The house was so messy today. This by itself isn't worth mentioning, commonplace as it is, but the desparation about it was visceral today [the kudzu is winning! the kudzu is winning!] and it was a beautiful day outside so when E looked up at me and said, Mama, can we go for a walk?, M looked up at me just as quickly and begged, "can you take both of them?"
A walk with E doesn't last for more than 10 minutes unless she's in the stroller or up on my shoulders so we pulled out the Monster Truck of Strollers [two full rows! stadium seating!] and strapped both girls in and they and I took a nice, long walk. This story is not about how I pushed 87 pounds of child+child+MToS up and down the slopy sidewalks of our neighborhood for 40 minutes [you go, my triceps!] but about how they sang at the top of their lungs and chair-danced for the entire outing. And yes, pushing an 87-pound stroller is a little harder when its inhabitants are throwing all their weight side-to-side in a singing game.
I've been playing a lot of Passover music around the girls recently in anticipation of next week and as we rounded a corner and headed up the final hill toward home E was singing at the top of her lungs, Oh Pharaoh, oh Pharaoh, what do you say?/ And the Pharaoh said No! No! NO! I will not let them go! with her very own Pip of a little sister echoing no! no! no! nonononononono! Halfway up the hill when E repeated her line what do you say? and two women sitting on their front porch, very amused, waggled their fingers at E and responded "I will not let them go!" she dissolved in a spasm of shrieks and giggles [which sounds so much better than the usual S+G] that finally I could push the stroller in a straight line without fighting the lateral cross-currents of song swaying, but of course at that point we were only seven doors from home.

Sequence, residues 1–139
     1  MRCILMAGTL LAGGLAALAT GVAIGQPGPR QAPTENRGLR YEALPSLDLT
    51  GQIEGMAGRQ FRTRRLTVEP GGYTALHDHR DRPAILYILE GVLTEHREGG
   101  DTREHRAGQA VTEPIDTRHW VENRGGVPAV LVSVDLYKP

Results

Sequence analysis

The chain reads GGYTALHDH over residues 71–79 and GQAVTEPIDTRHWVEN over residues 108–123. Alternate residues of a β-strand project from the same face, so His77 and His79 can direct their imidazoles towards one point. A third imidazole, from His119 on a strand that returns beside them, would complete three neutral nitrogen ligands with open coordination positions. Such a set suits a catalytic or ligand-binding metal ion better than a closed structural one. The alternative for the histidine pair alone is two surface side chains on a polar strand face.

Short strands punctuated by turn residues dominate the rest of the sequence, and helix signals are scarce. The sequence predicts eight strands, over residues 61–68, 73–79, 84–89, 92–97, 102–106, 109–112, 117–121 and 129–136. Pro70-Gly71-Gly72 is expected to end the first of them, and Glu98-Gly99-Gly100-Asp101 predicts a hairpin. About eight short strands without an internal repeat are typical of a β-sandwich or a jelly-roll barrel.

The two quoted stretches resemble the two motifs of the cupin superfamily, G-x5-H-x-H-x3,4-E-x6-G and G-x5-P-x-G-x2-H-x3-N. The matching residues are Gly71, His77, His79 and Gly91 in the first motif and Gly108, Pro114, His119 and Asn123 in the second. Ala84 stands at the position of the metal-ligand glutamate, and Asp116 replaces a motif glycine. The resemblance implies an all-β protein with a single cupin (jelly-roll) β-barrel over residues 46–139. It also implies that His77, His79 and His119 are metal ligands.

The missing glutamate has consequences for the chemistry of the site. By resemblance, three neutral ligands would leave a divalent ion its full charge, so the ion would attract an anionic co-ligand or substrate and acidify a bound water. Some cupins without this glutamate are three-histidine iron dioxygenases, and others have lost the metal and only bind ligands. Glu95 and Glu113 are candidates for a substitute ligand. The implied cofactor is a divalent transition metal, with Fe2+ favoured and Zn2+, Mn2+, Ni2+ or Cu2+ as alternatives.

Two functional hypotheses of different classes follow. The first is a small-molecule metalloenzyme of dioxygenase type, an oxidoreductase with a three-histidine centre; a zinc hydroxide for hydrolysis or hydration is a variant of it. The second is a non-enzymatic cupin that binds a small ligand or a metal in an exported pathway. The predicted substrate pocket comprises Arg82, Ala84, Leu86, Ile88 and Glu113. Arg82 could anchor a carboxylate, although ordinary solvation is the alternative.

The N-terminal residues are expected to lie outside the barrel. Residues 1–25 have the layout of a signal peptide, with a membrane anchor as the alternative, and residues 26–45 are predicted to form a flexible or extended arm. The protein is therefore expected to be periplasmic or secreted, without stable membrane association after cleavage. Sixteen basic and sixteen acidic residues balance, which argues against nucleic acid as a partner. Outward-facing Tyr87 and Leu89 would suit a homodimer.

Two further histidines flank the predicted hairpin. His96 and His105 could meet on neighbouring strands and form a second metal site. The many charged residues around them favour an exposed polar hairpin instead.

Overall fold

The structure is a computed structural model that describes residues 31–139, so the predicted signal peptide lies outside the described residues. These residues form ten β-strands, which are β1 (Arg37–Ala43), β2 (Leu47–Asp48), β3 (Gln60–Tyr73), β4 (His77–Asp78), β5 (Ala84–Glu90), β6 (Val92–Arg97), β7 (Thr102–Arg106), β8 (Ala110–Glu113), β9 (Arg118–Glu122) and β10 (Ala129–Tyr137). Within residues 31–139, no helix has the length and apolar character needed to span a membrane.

The heathens resumed their usual disregard for our civilization-building exercises just as soon as I got them back inside. Earlier in the day I had purchased the biggest rotisserie chicken that the store had had for our dinner tonight and I took it out of the fridge and began cutting it up and the imps were at my feet and between my knees begging for bites. Grabbing and grabbing and grabbing, my little wild things were eating the chicken faster than I could cube it. Ultimately, they ate so much of it that M and I could only consider it an appetizer, and had to go find other food for our meal. While they were devouring, though, all I could think of was just throwing the carcass on the kitchen floor and letting them feed like a pack of wolves. But I didn't, because M had just finished sweeping.